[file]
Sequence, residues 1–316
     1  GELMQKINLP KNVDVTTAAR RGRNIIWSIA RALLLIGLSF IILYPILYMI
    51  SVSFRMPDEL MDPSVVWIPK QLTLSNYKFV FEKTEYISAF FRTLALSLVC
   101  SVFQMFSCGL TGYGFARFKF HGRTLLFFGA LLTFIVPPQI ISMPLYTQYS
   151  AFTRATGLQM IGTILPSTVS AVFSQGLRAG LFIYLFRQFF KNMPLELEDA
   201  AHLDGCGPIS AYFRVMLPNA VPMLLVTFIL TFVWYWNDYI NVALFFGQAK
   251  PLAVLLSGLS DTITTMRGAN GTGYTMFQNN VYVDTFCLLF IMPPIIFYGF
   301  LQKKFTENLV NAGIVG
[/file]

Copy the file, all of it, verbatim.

Sequence, residues 1–316
     1  GELMQKINLP KNVDVTTAAR RGRNIIWSIA RALLLIGLSF IILYPILYMI
    51  SVSFRMPDEL MDPSVVWIPK QLTLSNYKFV FEKTEYISAF FRTLALSLVC
   101  SVFQMFSCGL TGYGFARFKF HGRTLLFFGA LLTFIVPPQI ISMPLYTQYS
   151  AFTRATGLQM IGTILPSTVS AVFSQGLRAG LFIYLFRQFF KNMPLELEDA
   201  AHLDGCGPIS AYFRVMLPNA VPMLLVTFIL TFVWYWNDYI NVALFFGQAK
   251  PLAVLLSGLS DTITTMRGAN GTGYTMFQNN VYVDTFCLLF IMPPIIFYGF
   301  LQKKFTENLV NAGIVG